Another thing I’d like to ask you is, even though you can sort of do that with yourself, it’s such a negative world. How do you still stay positive even though there’s a temptation to get sucked into the negativity? It’d be so easy, do you know what I mean?

I look at that almost like a challenge. Yes, you do get sad and the negativity hurts, but I refuse to let it beat me. I feel like if I can beat cancer, I can beat the negativity of someone in my life, I can handle a bad day if someone wants to start something. You know how it is, it’s just everyday steps. Something bad may happen with one of my children, they might get some bad news, so you know what I do? I spend a whole lot of effort trying to find something to bring them up. And when I bring them up, it brings me up. So it’s really not allowing the negative, almost to the point where I just cut it out in my mind, I ignore it.

So it’s just not an option.

Not an option. No. I know it’s not just people who have survived a major illness or something like that, but when I look at it, I have been through so much that I feel like I’m on extra time and I just want to use it in the best way I can, and if I can cheer someone else up, that’s another thing that I think is really important.

I have the most wonderful group of friends, I have a wonderful mom, I have great kids, and I always make sure if I’m down about something else, I reach out to someone and they bring me up. And it may be a different person every time, but I really am surrounded by great people and great friends, and that helps. And sometimes you have to reach out to someone, they may not know you’re going through a difficult situation, but really make use of the great hearts and the great souls who are surrounding you in life.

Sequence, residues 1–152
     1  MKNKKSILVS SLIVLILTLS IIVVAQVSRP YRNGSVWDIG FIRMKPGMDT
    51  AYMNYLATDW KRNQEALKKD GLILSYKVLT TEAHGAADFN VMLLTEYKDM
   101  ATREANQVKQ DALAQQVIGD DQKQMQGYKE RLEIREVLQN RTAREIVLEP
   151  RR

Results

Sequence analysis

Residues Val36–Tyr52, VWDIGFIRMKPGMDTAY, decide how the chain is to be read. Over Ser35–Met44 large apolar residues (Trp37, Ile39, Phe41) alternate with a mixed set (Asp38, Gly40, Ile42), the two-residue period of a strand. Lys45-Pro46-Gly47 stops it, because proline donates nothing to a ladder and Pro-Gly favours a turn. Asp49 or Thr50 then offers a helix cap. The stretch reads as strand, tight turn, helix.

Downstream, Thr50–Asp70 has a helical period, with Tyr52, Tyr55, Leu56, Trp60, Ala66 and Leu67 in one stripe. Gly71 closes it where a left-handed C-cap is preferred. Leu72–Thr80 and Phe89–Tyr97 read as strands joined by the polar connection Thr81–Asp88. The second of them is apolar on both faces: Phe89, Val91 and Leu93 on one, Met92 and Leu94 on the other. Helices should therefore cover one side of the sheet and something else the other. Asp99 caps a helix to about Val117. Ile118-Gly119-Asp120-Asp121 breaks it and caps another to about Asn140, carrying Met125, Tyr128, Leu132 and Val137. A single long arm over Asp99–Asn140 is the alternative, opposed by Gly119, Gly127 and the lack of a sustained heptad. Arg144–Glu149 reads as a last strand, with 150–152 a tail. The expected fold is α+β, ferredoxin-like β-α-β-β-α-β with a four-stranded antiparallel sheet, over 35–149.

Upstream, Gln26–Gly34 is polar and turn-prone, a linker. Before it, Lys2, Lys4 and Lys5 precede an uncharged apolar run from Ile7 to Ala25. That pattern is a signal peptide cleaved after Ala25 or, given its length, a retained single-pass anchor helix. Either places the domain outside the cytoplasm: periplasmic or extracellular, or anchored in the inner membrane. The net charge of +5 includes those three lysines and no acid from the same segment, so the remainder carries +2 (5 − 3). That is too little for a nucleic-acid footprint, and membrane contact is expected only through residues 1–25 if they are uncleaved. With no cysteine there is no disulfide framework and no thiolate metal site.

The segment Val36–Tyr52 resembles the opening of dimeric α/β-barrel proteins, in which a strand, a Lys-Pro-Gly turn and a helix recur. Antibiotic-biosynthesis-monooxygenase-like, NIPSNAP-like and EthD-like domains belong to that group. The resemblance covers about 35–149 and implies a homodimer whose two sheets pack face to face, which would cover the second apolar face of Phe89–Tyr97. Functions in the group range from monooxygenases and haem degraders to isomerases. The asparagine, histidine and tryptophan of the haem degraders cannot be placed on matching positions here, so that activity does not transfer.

That’s really interesting that you say that because I feel like there’s a temptation sometimes when somebody’s going through something, we’re like, “I don’t want to bother that person with my problems.” But you’re saying it’s OK to reach out and try to lean on someone and say, “Hey, this is tough for me. I’m going through a struggle right now.”

And you don’t even have to say all the details. Just, “Hey, what’s going on, I thought I’d give you a call. How was your day?” And listen to them talk about it. Get your mind off wherever you’re going through, maybe you end up in the end cheering them up over something and you think, “Wow, I did something good.” And then that feels good. So you’re actually helping yourself to a certain extent by helping somebody else, and that happens quite a lot. And frankly, you may have called somebody because you were feeling down, they never even knew that, you’re helping them out and in the end you’re the one that’s better off. It almost feels selfish.